Sermon for the Third Sabbath of Easter
May 3, 2014
If you haven’t seen this year’s Best Picture, 12 Years a Slave, it would be worth your while to do so. The film is based on the memoirs of Solomon Northup, a free man with wife and children living in New York who was kidnapped into slavery in Louisiana in 1841 and, through his efforts and those of others, was finally set free in 1853.
The film spends a significant amount of time with Northup at two plantations: one owned by William Ford (mistaken referred to as William Birch in my sermon) and one owned by Edwin Epps. Northup is respected and treated very well by Ford, who comes across as a very good and decent man. But Epps is a brutal and wicked slave master who despises Northup and does everything in his power to break his manhood.
In the Christian faith, there has been an understanding that each human being needs to decide which master to serve: will you serve Satan or God? Christians believe that life is a choice between being a slave to sin or a slave to righteousness. But in the film, Northup, while grateful that Ford treated him well, still knew that he was a slave and begged Ford to set him free. But Ford said he would not do that, that Northup was his property. Being a slave for a good master still paled in comparison to being a free person. Freedom is everything.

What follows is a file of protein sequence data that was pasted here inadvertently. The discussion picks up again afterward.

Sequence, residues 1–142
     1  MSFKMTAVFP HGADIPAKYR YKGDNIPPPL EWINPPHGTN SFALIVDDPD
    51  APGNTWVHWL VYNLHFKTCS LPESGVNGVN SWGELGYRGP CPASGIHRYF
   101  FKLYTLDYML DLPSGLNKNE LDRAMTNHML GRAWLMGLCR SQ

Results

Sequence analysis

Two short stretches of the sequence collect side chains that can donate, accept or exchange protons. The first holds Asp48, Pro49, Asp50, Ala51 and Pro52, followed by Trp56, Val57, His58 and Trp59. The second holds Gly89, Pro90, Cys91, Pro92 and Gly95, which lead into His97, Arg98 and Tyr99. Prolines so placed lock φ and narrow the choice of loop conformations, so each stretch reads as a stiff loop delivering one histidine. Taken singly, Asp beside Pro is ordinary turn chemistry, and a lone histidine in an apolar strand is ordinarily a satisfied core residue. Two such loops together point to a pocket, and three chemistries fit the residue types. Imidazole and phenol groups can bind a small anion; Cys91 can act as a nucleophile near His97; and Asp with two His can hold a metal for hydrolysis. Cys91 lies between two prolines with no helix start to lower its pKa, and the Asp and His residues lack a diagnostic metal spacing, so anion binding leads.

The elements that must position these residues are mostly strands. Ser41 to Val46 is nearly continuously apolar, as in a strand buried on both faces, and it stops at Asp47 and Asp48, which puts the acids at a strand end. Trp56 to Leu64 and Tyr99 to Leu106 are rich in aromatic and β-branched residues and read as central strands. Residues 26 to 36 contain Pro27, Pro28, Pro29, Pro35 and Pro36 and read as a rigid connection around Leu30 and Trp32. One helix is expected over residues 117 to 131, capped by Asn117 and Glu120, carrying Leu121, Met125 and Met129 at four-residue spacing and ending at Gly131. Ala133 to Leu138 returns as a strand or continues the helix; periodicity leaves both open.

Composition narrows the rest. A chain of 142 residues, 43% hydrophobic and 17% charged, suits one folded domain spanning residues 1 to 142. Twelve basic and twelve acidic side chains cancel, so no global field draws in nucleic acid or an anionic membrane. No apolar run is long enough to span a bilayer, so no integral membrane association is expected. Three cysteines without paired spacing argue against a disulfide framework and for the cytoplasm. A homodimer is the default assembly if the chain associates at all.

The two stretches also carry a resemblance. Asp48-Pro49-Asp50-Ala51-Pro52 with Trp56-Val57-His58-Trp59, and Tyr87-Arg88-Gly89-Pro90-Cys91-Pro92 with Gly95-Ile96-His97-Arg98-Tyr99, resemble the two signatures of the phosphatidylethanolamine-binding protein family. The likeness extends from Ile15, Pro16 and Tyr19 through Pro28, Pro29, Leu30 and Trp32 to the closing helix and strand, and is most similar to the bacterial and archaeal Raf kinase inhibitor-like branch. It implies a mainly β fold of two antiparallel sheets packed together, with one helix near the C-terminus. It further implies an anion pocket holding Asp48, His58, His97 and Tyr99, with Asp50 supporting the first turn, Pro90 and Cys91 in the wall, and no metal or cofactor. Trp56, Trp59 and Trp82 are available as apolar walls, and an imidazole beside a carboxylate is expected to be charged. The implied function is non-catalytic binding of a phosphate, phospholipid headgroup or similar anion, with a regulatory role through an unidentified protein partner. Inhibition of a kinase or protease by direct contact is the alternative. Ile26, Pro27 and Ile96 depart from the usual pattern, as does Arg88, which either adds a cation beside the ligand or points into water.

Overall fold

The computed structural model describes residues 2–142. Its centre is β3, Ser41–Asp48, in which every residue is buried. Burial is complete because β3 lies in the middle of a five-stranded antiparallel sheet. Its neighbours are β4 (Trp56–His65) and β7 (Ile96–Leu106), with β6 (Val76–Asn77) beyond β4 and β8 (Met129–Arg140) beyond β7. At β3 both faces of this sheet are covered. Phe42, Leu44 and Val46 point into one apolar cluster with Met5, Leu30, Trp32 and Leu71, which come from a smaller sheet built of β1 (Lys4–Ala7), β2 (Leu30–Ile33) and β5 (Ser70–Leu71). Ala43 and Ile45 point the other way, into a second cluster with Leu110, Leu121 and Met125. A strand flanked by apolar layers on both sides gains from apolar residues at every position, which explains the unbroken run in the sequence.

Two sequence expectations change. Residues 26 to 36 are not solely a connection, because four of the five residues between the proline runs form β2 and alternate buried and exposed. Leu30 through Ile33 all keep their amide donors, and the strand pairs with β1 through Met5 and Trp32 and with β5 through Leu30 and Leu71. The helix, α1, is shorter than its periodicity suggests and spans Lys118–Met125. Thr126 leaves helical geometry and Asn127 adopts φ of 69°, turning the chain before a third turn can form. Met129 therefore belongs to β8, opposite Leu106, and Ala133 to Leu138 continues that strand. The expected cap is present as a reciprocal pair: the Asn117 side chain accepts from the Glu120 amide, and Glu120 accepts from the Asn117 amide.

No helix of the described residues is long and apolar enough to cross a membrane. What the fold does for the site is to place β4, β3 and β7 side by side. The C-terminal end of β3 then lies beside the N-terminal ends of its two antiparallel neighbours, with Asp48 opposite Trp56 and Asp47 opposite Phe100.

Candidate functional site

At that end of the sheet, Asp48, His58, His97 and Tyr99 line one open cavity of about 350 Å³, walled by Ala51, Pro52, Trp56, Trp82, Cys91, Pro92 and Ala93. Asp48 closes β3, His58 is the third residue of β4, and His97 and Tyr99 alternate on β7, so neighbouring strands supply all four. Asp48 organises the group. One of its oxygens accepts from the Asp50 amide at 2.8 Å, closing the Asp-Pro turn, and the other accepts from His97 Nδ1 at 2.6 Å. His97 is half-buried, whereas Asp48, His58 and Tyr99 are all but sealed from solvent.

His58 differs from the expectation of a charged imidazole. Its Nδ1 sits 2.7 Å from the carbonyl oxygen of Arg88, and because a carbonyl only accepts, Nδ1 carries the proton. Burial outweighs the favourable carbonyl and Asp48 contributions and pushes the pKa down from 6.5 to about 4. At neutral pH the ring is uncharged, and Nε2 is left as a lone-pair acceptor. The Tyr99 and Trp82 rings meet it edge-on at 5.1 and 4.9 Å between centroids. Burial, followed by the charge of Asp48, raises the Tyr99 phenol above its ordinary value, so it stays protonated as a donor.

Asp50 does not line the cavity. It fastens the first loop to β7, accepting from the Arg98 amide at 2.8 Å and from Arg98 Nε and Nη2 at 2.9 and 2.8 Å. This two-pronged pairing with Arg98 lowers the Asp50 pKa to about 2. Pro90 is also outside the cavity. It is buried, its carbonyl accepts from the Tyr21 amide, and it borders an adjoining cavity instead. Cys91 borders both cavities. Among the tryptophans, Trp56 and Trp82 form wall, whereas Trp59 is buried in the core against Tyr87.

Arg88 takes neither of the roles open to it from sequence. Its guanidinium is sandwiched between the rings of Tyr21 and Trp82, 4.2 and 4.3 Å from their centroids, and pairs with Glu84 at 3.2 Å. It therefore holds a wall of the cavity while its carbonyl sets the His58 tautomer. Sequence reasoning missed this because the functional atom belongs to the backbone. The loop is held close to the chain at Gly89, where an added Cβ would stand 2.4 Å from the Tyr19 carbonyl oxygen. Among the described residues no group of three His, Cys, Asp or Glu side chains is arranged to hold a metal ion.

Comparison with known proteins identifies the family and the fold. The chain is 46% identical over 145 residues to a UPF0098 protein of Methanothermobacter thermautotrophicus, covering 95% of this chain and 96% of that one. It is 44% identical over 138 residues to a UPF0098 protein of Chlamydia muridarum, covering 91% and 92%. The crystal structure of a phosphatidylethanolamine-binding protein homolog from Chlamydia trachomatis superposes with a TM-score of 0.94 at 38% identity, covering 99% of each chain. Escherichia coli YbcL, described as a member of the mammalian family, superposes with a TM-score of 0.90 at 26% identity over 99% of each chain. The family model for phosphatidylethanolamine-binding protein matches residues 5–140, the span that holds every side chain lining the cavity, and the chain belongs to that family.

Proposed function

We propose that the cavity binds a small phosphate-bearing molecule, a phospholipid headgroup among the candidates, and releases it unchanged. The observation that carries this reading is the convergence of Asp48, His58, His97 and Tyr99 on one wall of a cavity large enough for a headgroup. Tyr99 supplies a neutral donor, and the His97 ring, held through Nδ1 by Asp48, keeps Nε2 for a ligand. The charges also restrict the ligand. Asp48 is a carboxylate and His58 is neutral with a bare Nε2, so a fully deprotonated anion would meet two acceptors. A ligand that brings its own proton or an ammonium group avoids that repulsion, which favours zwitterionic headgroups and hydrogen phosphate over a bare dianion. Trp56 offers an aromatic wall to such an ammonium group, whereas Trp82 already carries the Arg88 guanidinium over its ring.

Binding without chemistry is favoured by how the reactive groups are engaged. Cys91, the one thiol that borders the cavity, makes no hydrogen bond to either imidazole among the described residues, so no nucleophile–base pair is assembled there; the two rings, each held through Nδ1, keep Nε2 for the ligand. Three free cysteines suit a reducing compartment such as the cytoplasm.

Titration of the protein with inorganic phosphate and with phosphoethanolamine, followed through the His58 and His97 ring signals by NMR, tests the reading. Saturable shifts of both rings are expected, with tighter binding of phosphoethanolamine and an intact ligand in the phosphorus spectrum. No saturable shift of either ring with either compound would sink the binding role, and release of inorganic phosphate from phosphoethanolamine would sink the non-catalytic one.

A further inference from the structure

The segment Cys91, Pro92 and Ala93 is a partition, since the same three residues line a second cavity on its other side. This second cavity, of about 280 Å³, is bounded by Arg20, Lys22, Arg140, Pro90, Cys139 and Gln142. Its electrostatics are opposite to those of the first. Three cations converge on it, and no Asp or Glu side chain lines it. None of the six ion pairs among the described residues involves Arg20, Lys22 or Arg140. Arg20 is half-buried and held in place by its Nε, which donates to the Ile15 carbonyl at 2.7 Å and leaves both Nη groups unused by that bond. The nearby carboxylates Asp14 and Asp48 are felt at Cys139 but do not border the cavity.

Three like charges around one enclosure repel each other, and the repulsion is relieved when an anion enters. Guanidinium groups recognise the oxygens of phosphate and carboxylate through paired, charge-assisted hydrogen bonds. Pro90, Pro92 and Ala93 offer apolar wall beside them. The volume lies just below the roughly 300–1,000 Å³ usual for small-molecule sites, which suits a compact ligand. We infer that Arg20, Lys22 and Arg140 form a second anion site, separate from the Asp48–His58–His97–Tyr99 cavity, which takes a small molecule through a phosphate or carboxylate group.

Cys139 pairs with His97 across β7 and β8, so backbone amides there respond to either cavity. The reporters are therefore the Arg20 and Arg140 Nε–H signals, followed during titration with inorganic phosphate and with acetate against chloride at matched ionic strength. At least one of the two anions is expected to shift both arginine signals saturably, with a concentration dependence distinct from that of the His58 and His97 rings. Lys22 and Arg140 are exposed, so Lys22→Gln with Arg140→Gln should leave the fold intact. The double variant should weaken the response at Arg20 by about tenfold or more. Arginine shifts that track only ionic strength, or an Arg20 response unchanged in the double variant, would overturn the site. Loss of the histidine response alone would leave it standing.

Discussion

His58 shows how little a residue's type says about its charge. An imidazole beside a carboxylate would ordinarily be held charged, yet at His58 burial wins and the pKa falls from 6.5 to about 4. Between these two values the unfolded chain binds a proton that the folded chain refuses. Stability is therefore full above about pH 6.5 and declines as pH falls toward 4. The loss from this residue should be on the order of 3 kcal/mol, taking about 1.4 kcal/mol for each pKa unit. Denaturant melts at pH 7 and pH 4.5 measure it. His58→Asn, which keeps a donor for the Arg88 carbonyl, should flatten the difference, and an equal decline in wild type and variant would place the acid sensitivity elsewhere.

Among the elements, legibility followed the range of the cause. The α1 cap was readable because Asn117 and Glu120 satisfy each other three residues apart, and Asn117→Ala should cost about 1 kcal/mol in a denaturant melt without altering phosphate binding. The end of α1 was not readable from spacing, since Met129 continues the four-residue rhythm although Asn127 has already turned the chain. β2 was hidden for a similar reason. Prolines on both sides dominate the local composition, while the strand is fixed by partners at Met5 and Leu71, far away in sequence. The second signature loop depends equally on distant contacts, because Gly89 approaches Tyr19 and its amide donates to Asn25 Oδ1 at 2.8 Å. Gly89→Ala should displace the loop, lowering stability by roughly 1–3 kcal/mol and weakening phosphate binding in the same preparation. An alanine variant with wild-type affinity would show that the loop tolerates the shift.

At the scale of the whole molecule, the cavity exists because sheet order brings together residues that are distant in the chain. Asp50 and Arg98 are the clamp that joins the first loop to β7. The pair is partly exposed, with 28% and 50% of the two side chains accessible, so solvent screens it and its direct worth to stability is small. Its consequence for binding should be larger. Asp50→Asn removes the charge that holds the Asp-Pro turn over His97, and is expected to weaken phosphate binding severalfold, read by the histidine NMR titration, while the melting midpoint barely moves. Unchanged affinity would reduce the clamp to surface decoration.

Maybe God didn’t rescue us from sin and suffering to make us his slaves. Maybe God rescued us to set us free. The true hero of the film wasn’t the good slave master Ford, it was the Canadian laborer Bass, who risked his life to worked for and ultimately achieved Solomon’s release. The hero is the one who sets the slave free. Maybe the true heroism of Jesus and the true generosity of God is that, rather than being good slave masters, they have just set us free. Completely free